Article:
• Sunday, July 21, 2024
businessday logo


A seminal outing


On this platform, this is a seminal outing. The pulse of time reveals that yours sincerely has been at this game since 1976. At that point in time, I was on national service in Jalingo, now capital of Taraba State. Then, the starting point was a mere letter to the editor of The Daily Times. This seemingly simple step led to a career in journalism. In the course of time, the seductive world of by-lines saw me in different contexts, like The Daily Times, The Guardian, and The AM News, a pro-democracy, quasi-guerrilla newspaper that was very active in the days of military dictatorship. Subsequently, I moved on to The Champion, The Compass and The Union.

On some occasions, however, it was a double-sided engagement. Double in the sense that, while one leg was in academia, the other was in journalism. It could well have been fate or better still, inclination. The point to note is that the academia seems so stuffy and aloof from the daily realities of life. It is particularly the case that scholarly pursuit in the humanities is a vocation that is best complemented with the hard-nosed reality of the newsroom. This is why there is something called the Public Intellectual. In these parts, the role of the P.I. is not often appreciated. At best, he is viewed as a busy-body. And on some occasions, the cynic will probably see him/her as just another attention-seeking social force.

But, of course, the situation goes beyond these mundane considerations. The university man must necessarily engage with street realities, if only because there are a lot of issues to be aired. So many questions are still waiting to be answered. Why, for instance, are we still the way we are? Indeed, some will contend that we are not the way we should be. Rather, and over time, the situation has worsened. And if one is sufficiently sensitive, one is bound to ask why. In the process and unconsciously perhaps, one will be forced to echo one famous writer who posed the question: Why are we so blest? Under the circumstances, it is perfectly possible to turn around the question and ask: Why are we so cursed?

This is a question that is bound to generate other questions. But the real point to note is that in asking this type of question, I am giving an insight into what this column is all about. The immediate foregoing may well explain why the blurb in this column bears the appellation: IN THE NATION.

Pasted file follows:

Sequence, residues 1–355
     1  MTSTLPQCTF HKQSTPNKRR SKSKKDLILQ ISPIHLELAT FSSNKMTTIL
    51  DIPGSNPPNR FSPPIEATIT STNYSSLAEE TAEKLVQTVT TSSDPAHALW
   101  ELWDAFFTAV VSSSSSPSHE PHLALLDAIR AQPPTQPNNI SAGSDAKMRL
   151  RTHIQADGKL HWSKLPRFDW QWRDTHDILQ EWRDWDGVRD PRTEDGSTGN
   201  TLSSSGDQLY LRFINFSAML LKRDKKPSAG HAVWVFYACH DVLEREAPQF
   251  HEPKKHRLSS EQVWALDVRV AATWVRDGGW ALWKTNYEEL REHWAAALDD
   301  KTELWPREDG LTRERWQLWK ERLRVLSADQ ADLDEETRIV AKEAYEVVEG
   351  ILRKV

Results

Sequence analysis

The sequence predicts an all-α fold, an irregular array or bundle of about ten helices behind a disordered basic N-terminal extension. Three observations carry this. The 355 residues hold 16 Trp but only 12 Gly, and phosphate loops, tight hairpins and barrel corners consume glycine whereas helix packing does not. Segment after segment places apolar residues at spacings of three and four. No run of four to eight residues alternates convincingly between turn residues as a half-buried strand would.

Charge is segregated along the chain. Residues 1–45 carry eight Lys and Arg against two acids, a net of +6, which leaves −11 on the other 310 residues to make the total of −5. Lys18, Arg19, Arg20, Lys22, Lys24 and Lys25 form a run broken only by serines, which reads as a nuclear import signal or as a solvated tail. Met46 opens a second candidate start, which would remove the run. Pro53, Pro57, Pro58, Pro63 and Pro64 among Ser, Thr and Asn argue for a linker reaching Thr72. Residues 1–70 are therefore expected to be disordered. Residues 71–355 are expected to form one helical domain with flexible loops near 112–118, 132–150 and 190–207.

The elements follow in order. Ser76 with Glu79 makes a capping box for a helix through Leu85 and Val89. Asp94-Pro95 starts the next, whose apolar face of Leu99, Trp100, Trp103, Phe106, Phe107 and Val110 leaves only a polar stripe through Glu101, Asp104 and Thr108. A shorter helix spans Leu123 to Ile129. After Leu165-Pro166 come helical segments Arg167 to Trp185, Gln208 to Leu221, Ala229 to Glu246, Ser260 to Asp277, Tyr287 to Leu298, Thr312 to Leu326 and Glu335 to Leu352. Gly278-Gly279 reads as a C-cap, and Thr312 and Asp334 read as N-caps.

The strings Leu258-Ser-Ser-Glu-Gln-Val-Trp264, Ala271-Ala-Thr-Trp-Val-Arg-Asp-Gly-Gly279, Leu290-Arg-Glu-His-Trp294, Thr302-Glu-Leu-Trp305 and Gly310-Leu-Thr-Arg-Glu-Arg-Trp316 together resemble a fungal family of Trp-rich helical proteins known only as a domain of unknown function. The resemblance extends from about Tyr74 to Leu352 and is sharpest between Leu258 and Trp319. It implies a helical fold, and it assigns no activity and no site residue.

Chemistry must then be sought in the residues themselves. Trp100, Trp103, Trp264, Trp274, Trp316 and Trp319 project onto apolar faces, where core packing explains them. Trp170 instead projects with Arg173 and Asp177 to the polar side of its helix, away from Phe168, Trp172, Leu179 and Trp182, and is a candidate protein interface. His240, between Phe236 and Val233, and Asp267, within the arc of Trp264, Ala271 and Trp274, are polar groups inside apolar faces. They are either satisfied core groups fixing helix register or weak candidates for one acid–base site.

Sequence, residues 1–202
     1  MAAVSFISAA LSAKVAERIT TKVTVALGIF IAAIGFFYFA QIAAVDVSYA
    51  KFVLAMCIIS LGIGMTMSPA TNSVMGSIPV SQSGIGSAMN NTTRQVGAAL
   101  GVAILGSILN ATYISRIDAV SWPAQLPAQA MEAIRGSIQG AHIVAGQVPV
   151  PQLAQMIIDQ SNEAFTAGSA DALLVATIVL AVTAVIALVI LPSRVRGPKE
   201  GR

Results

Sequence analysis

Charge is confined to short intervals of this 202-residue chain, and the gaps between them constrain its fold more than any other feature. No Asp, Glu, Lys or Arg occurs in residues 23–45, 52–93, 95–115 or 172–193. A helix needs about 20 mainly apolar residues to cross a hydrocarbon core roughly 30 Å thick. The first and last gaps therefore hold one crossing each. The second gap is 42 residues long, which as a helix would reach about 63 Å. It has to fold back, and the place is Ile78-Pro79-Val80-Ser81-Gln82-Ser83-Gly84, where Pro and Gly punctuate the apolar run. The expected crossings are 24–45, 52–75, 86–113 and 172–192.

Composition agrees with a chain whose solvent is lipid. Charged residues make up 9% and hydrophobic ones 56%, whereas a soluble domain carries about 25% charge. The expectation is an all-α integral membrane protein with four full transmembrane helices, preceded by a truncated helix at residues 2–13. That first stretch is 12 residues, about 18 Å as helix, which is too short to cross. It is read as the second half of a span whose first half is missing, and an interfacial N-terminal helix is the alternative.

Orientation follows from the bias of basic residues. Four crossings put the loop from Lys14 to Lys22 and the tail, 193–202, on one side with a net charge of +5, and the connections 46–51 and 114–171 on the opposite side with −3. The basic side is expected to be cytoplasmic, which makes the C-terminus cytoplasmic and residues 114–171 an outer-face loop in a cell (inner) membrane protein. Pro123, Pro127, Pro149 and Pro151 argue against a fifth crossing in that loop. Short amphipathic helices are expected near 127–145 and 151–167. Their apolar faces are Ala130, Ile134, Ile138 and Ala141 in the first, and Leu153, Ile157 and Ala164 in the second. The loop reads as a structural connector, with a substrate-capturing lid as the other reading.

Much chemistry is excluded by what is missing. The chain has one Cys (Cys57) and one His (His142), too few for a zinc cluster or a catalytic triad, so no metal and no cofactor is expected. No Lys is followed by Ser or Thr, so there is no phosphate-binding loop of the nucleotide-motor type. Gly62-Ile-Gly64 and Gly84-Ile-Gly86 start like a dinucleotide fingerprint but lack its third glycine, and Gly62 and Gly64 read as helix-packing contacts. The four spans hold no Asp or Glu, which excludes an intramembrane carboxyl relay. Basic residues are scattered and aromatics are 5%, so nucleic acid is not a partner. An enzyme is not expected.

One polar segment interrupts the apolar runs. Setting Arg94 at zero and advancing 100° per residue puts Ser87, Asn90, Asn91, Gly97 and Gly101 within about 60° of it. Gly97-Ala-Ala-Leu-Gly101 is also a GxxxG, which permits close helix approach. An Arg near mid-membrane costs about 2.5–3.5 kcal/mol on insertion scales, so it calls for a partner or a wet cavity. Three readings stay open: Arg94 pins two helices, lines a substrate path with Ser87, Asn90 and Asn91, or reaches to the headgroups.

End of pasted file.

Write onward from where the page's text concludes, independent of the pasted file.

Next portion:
‘In the Nation’ is terse. It points to our major pre-occupation in the coming weeks, months and even years. For I view this initial step in the context of a long-term relationship. It is a relationship in which I intend to engage with Nigeria and Nigerians. This is with a view to asking, courtesy of that Achebean pun, where and when did the rain start to beat us?

If the reader has come this far, it is easy to appreciate that what we propose to offer are not sweet melodies. Rather, they are songs or, better still, lamentations that would be laced with sobriety as regards the roads not taken. They are also songs which will seek to comfort the afflicted and at the same time afflict the comfortable. Such concerns may seem out of place in a journal that is dedicated to business. But business by its very nature does not exist in isolation. It exists in society, and if by any chance society gets suffocated, then, there are really no prizes for guessing what the fate of business itself will be.

The immediate foregoing may well explain the attitudes of privileged social forces like the Henry Fords, Rockefellers and Bill Gates of this world. Even then, the writer too, probably in narrow terms, is also privileged. In a post-colonial social formation like ours, it is indeed a privilege to occupy a space like this. It is a space which can be used to reify the status-quo or to question it.

Clearly, the latter preoccupation will be the main inclination of this writer. For if the truth must be told, we are still a long way from the society envisaged by our founding fathers and mothers – yes, mothers! And nothing illustrates this better than the nostalgia and laments of the older generation. Some will tell you that even the British Raj, who came to rob and plunder, ran things better.

Luckily, almost everywhere one turns, there is indeed a consensus that we are not yet where we should be. The syrupy contention of court-poets that things will get better will not wash. Yes, things will certainly get better. But then, a wholesome society does not automatically come into being. It has to be worked for. And those who will work for it are the leaders and, of course, the followers, which include, among others, this columnist. In other words, and at the risk of being contradicted, to write is to hope. After all, despair has never given rise to anything meaningful. So, see you next week.

Kayode Soremekun